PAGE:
When approaching the final stages of an international negotiation, you'll need to carefully look for clues that the other side is ready to close.  They may look very different from what you are familiar with, and you will pay a price if you miss them.  Also, closing an agreement and signing a contract may still not end the negotiation. In China and especially in South Korea, a contract is viewed a ‘snapshot in time’.  New demands are still likely to be brought up later, so you’ll want to reserve some maneuvering room.


Proper preparation for your international negotiation will require studying in-depth material about the target culture and/or engaging a coach who commands extensive knowledge of the country and its business practices.  A successful international negotiator will never engage without careful preparation.  It is a pivotal step towards achieving your objectives, and a very risky one to skip.

(The above is an excerpt from an in-depth article available on our web page)
  Read the full article

Book Of The Month
The Intelligent Negotiator


Excellent introduction into commonly used negotiation techniques.  For each of them, the author both delivers a clear description and gives sound advice how to deal with it.

Although it does not focus on international negotiations, the book covers many aspects you will find relevant when doing business abroad.

(click title for full book review)


Web Site Of The Month
Executive Planet


Introduction to business do's and don'ts in more than 40 countries.  Includes many useful hints about negotiation techniques and practices for each of them.

The site also features a discussion forum where you may get answers to country-specific questions.

(click title to visit this web site)


Quote Of The Month

Good judgment comes
from experience.

However, experience comes from bad judgment.

(source unknown)


Leadership Crossroads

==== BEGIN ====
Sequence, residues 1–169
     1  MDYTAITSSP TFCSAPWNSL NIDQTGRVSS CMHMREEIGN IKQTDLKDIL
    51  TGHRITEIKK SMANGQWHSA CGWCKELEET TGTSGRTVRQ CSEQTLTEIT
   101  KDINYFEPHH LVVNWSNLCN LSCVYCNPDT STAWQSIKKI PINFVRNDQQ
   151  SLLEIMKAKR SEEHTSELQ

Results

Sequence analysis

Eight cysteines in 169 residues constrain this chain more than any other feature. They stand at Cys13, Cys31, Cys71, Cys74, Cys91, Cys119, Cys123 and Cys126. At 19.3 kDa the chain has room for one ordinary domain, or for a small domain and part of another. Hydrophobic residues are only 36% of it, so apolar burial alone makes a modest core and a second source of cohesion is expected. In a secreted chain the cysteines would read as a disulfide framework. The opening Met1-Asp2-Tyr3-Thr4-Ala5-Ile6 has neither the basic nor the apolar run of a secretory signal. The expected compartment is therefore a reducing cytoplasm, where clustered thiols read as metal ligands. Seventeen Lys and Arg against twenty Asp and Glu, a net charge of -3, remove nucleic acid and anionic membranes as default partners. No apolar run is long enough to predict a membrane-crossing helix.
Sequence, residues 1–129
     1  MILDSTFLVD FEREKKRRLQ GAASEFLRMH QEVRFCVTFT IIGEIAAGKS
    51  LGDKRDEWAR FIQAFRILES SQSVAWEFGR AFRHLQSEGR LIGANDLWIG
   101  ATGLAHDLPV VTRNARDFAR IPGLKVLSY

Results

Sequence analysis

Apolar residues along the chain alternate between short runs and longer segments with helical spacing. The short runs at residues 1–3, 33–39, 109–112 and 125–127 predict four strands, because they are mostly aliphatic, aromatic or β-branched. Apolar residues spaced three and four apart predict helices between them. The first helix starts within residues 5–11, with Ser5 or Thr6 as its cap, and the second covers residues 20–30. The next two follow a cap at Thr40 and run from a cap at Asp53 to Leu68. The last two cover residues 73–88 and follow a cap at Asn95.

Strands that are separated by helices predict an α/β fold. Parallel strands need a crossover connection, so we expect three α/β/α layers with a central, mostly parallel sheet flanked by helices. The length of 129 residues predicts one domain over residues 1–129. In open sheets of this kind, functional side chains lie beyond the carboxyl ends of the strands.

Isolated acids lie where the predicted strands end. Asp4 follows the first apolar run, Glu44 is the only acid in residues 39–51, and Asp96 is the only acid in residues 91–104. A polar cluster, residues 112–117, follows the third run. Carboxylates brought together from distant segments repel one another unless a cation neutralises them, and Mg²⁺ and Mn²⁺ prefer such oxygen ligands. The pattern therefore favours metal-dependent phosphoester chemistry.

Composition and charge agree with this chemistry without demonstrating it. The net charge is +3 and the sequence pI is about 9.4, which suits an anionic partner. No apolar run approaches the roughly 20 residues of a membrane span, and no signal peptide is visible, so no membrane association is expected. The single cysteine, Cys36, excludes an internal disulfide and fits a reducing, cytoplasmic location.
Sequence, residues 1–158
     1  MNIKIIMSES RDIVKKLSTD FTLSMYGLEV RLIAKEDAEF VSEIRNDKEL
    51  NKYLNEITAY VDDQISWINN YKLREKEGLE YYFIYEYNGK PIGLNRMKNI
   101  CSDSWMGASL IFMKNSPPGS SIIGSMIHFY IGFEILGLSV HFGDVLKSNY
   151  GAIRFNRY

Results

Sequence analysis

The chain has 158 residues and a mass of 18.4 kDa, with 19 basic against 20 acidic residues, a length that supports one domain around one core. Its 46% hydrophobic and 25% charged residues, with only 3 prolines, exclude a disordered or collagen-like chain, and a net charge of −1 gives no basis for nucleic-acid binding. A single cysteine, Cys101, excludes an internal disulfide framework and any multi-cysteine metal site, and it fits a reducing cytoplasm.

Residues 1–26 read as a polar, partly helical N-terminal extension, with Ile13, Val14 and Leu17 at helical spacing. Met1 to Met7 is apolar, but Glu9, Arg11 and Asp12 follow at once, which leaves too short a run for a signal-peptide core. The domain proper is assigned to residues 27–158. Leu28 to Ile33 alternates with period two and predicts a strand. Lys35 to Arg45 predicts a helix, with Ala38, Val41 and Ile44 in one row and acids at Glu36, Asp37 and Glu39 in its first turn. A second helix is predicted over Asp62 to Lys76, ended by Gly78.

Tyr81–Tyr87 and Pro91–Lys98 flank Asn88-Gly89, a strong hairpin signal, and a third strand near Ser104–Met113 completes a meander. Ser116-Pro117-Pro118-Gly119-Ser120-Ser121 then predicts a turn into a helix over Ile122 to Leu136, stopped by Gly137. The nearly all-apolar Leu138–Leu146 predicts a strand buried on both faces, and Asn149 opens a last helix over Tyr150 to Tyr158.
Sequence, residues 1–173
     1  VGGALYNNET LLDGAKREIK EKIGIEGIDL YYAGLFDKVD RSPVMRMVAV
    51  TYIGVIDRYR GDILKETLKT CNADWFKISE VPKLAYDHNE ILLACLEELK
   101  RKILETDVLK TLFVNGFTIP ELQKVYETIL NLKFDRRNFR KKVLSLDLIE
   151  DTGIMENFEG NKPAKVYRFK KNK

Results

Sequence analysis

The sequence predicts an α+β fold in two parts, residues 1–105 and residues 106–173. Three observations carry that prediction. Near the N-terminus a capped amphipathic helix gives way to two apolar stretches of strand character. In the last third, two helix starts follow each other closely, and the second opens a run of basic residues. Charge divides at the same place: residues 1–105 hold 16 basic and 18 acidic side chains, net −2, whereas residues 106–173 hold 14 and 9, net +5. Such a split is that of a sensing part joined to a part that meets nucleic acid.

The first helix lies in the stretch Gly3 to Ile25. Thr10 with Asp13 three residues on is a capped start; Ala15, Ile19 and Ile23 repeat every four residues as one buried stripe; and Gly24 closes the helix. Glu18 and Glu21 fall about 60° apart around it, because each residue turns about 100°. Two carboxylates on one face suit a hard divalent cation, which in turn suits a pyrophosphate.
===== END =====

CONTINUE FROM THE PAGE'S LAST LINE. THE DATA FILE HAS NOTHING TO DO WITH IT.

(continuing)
is a global resource for

  • International Team Development
  • Global Business Coaching
  • Cross-Cultural Project Management Assistance
  • Outsourcing Preparation
  • Cross-Cultural Negotiation Training and Assistance
  • Organizational Learning and Development
  • Executive Coaching
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and your company's
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competency development

Lothar Katz is the founder of Leadership Crossroads.  He has a wealth of experience in achieving productive coopera-tion across cultures and driving business success on a global scale.
A seasoned former executive of a For­tune 500 company, he regularly interacted with employees, cus­tomers, out-sourcing partners, and third parties in more than 25 countries around the world.


Contact :
Leadership CrossroadsTM, 2004

Global Business Practices:
Ten Tips For Doing Business in India

  • Slow down. 'Time is money' is an alien concept for most Indians.
  • Be eloquent, but remain humble and respectful. Let people know you value them.
  • Share your ideas freely. Indians admire creativity.
  • 'No' is not a good word. An Indian trying to let you know they don't like your proposal may still praise some aspects of it.
  • People tend to be on the serious side. Be careful when using humor - it may be counterproductive.
  • Know your stuff. In the U.S., managers are expected to know where to get information; in India, they have to know it themselves.
  • Indians like passionate bargaining and may be offended if you 'refuse to play along'.
  • Decisions are usually made at the top, with inputs from middle management.
  • Understand legal aspects well, but don't bring a legal counsel to the negotiation table. It will likely be read as a lack of trust.
  • The government still controls many aspects of doing business, and bureaucracy can be tedious. Prepare well.